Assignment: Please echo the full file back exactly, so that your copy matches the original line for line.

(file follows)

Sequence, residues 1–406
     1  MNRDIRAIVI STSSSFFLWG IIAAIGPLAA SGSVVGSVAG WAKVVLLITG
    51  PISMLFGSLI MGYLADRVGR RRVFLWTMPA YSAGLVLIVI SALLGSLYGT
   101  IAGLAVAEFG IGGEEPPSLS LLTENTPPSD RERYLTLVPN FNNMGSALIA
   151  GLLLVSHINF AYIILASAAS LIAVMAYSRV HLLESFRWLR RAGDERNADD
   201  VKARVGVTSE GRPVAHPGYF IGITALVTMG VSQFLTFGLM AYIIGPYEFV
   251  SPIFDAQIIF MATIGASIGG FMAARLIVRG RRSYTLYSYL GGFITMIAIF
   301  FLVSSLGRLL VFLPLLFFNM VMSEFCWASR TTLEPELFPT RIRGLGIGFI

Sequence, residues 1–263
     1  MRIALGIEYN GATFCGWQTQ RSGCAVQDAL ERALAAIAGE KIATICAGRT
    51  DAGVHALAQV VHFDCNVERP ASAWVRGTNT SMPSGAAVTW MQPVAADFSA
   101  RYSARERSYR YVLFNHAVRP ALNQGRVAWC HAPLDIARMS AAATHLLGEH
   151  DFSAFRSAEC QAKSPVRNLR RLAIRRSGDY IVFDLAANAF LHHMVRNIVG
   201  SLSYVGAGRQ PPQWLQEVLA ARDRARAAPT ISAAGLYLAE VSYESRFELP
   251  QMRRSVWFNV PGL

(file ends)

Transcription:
Sequence, residues 1–406
     1  MNRDIRAIVI STSSSFFLWG IIAAIGPLAA SGSVVGSVAG WAKVVLLITG
    51  PISMLFGSLI MGYLADRVGR RRVFLWTMPA YSAGLVLIVI SALLGSLYGT
   101  IAGLAVAEFG IGGEEPPSLS LLTENTPPSD RERYLTLVPN FNNMGSALIA
   151  GLLLVSHINF AYIILASAAS LIAVMAYSRV HLLESFRWLR RAGDERNADD
   201  VKARVGVTSE GRPVAHPGYF IGITALVTMG VSQFLTFGLM AYIIGPYEFV
   251  SPIFDAQIIF MATIGASIGG FMAARLIVRG RRSYTLYSYL GGFITMIAIF
   301  FLVSSLGRLL VFLPLLFFNM VMSEFCWASR TTLEPELFPT RIRGLGIGFI

Sequence, residues 1–263
     1  MRIALGIEYN GATFCGWQTQ RSGCAVQDAL ERALAAIAGE KIATICAGRT
    51  DAGVHALAQV VHFDCNVERP ASAWVRGTNT SMPSGAAVTW MQPVAADFSA
   101  RYSARERSYR YVLFNHAVRP ALNQGRVAWC HAPLDIARMS AAATHLLGEH
   151  DFSAFRSAEC QAKSPVRNLR RLAIRRSGDY IVFDLAANAF LHHMVRNIVG
   201  SLSYVGAGRQ PPQWLQEVLA ARDRARAAPT ISAAGLYLAE VSYESRFELP
   251  QMRRSVWFNV PGL